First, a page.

- Undertaking, or refusing to undertake, work on a KIT or SPLIT day.
We understand that you need clarity with regard to costs therefore our fees are discussed at the outset and can be flexible to your personal circumstances.
We can offer an Initial Consultation Fixed Fee Package to employees. This is a fixed fee initial exploratory meeting with one of our team of dedicated employment law solicitors who will discuss the issues and options with you and then provide you with a short note afterwards summarising the issues and options.
What should you bring to the meeting?
For required identification purposes: your passport and a current bank statement or utility bill showing your current address OR your photographic driving licence. If you are enquiring as a couple then we will require identification for both of you.
When do you pay?
You will be asked at the start the meeting, to pay the fixed fee by debit card, credit card or cash. There is no charge for debit cards however please note there will be a charge of 2% on credit card transactions.
What if I require ongoing assistance?
If you wish us to do further work for you after the initial consultation meeting, we will issue terms of business setting out our feeing arrangement, agree with you the basis of payment and when these sums are to be paid. In some cases, a payment to account of fees may be requested upfront.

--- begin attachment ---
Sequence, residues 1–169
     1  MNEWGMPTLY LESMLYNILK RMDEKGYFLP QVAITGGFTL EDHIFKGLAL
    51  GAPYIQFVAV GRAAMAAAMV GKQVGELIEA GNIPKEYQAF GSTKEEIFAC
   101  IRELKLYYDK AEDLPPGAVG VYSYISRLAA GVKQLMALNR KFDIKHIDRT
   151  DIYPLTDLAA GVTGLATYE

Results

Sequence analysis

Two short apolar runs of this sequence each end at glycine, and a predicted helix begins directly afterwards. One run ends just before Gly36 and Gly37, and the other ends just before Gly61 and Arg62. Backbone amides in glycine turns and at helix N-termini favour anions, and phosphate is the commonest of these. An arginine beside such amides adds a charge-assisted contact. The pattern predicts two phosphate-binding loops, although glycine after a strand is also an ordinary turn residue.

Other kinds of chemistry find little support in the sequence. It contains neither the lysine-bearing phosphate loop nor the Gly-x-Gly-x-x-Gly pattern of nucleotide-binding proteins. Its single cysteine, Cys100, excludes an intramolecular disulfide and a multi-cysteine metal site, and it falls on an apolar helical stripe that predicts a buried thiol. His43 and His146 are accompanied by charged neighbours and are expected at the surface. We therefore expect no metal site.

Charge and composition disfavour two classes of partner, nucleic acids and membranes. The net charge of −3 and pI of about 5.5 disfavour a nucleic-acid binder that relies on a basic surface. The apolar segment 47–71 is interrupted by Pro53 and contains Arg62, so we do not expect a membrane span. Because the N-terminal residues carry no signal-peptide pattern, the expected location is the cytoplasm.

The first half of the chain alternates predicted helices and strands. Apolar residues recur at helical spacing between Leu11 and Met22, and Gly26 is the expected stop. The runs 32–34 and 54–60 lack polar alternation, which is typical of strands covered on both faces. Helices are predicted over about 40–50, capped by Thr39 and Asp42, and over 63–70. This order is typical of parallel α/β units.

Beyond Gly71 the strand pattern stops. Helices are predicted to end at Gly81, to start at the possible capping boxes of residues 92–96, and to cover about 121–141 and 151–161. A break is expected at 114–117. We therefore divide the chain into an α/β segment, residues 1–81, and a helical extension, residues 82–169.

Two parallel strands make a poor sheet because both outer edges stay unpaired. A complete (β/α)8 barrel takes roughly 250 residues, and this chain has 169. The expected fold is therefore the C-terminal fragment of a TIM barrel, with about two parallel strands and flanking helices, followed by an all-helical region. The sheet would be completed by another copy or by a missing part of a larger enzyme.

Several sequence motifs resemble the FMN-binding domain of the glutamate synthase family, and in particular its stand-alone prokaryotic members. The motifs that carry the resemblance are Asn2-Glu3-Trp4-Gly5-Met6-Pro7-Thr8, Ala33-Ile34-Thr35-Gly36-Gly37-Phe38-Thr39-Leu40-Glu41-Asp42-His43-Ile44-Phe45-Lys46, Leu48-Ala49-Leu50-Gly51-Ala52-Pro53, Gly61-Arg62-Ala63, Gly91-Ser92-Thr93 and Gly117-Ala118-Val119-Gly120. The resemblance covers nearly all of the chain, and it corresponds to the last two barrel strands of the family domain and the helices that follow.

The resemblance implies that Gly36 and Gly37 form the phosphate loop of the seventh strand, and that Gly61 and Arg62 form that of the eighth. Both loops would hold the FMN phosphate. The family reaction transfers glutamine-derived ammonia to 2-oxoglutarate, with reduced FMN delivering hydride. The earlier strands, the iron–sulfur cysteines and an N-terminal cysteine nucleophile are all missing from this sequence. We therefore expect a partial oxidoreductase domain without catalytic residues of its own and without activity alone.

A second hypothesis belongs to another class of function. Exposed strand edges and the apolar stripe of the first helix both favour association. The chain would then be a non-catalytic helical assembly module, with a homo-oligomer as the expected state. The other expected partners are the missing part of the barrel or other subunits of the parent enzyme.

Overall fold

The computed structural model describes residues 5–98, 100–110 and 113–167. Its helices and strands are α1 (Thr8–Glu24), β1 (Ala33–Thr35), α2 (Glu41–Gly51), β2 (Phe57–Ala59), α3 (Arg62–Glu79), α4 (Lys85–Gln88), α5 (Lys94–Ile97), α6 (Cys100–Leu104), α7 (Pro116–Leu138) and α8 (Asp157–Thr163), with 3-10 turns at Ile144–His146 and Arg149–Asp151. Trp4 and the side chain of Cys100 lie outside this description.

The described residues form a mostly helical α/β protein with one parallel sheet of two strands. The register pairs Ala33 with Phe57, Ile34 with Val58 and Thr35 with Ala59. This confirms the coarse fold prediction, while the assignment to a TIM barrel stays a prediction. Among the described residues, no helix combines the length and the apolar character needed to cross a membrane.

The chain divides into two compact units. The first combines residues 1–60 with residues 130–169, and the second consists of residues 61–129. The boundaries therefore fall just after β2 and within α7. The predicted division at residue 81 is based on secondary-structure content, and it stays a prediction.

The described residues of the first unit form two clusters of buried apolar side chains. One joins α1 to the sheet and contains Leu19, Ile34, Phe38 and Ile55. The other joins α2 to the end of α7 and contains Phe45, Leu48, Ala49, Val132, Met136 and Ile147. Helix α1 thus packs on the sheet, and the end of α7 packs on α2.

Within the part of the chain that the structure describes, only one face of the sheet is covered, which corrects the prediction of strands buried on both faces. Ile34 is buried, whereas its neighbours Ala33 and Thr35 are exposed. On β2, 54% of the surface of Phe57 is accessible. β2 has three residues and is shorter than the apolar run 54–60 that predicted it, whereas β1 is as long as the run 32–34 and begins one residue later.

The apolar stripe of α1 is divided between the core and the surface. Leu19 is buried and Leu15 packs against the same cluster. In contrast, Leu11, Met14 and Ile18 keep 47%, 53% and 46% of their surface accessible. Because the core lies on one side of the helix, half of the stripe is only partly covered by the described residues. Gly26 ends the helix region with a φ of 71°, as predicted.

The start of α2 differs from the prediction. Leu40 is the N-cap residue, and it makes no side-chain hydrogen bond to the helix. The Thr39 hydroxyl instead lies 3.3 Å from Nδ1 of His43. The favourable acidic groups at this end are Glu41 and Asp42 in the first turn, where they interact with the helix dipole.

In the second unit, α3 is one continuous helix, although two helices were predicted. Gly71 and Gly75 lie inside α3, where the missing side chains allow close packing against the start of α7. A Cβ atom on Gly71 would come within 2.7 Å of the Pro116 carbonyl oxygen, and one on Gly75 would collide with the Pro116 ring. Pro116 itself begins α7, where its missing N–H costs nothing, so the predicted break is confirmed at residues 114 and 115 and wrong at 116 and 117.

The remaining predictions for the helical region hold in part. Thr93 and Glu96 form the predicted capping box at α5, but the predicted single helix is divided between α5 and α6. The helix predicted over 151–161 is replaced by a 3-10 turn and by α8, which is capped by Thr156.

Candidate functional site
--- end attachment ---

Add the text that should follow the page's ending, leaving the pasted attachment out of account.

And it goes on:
Why choose BTO?
- The employment law team offers:
- Accredited specialists in Employment Law
- Highly rated team experienced in all aspects of employment law
- Experience in Employment Tribunals and Employment Appeal Tribunals
- Cross border experience
Schedule a call back Schedule a Call
On Friday 27 March 2020, The Lord President issued further guidance on Court Orders relating to Parental Responsibilities and Rights in light of the current coronavirus crisis. We are living in ...
We are living in a worrying time as the COVID-19 virus continues to spread and affect our community and everyday lives. The true impact of the virus is not yet ...
We are all currently living in unprecedented times due to the onslaught of the Covid-19 disease. Individuals and families are requiring to isolate from elderly relatives, friends and work colleagues. ...
Every family has its own traditions. Whether they involve afternoon tea with Mum on Mother’s Day, watching football with Dad on Father’s Day, egg rolling at Easter, or something more ...